david allen green 2- jack kent“In the aftermath of the Paris atrocities there are demands for action: dropping bombs and air-strikes, shoot-to-kill policies, more special interrogation techniques (ie, torture), less freedom of movement, more intrusion and less privacy, more powers for the security services, and so on.

“What seems to be a feature of many of these demands is that there is no attempt to explain the supposed cause-and-effect. It is almost as if the merit of the proposals is self-evident, a sign of virility: something bad has happened, and so something must be done in return.

“But each such demand raises two issues: one of practicality, and one of principle. That is: would the proposal actually help, and does the proposal conflict with the supposed principles, and way of life, we are presumably seeking to defend”.

  • Practice: ‘just doing “something” does not mean you are doing the right thing. It may make no difference, or it may make things worse’.
  • Principle: there appears to be a genuine risk that we could end up undermining – even subverting – the very principles of personal autonomy, the rule of law and freedom of expression which the West can and should be defending and asserting.

Read the article here:

More about the author:

Musings on the Trident issue: arms conversion – the transfer of resources from military to civil use

November 2, 2015

Few people will have done more work in the field of arms conversion than Steven Schofield*. He writes:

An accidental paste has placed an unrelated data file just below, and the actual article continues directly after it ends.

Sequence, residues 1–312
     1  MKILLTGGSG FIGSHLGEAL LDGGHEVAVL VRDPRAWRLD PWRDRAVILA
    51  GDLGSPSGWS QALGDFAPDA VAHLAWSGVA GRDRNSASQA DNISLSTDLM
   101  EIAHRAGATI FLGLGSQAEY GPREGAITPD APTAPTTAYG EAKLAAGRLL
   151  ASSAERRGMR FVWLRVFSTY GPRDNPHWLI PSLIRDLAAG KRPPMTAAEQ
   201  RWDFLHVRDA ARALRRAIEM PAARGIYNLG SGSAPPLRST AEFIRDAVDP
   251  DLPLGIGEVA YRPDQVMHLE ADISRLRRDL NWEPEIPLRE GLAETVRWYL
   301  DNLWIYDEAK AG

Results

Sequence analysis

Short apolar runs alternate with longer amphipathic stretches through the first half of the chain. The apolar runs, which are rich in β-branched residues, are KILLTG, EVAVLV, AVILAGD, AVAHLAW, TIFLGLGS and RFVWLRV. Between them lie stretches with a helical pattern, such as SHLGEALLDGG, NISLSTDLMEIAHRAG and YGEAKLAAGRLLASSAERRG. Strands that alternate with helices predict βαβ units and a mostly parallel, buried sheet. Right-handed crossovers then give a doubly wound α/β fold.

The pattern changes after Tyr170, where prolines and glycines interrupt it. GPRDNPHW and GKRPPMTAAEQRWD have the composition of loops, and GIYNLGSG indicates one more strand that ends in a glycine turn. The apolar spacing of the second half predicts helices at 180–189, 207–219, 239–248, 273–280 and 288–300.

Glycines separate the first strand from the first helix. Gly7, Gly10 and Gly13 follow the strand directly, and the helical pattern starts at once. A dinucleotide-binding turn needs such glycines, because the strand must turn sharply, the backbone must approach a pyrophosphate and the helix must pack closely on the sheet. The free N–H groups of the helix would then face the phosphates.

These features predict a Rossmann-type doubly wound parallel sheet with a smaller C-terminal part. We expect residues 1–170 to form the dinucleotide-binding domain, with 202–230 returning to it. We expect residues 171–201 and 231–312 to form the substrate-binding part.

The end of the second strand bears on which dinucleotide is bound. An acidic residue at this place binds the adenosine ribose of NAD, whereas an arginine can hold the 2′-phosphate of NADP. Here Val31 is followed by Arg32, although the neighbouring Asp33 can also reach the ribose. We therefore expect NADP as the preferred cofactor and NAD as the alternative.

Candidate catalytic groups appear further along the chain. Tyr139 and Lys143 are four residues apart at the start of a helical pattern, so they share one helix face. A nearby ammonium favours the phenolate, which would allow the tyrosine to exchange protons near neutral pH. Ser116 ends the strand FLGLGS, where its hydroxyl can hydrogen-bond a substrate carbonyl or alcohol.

“Arms conversion, broadly defined as the transfer of resources from military to civil use, has a long historical pedigree dating back to biblical times. Turning swords into plowshares remains one of our most evocative images of peace, reflecting the universal desire to bring an end to war and to use skills for productive rather than destructive purposes”.

He recalls the post WW2 rapid restructuring of the economy when the UK and the USA demobilised millions of armed forces personnel and transferred millions of workers from military to civil production and points out that such a profound transition is not required in today’s circumstances:

“Although arms production is important in particular niches of manufacturing, it is marginal to the national economy in terms of output and employment. Should there be an unfortunate and unintentional outbreak of peace (sic), the impact of job losses would be relatively short-lived, and focused on only a few localised concentrations of arms employment such as Barrow-in-Furness, in Cumbria.

“Now, however, the sectors in which the specialist arms corporations might look for similar work, eg, civil aircraft, communication satellites, cruise ships, etc, already have mature civil markets served by companies that operate with a distinct set of advantages over any arms company attempting to develop products for those markets”.

Expanding on one theme which was touched on in another blog, he points out that steel, coal, textiles etc, have seen far greater job losses and serious dislocation for local communities and a range of policies have been brought into play to help localities diversify their employment base and reduce dependency on any one particular sector, albeit with varying degrees of success.

And on another theme – that of vested interest – he writes: “Nor is there any real enthusiasm and support for conversion in the trade unions, despite the occasional resolution at national conferences in favour. Instead, they have been some of the most effective lobbyists within the military-industrial complex, arguing for the retention of jobs in the arms sector and promoting all the various military white elephants like the aircraft carriers, the new Astute nuclear submarine and, of course, Trident”.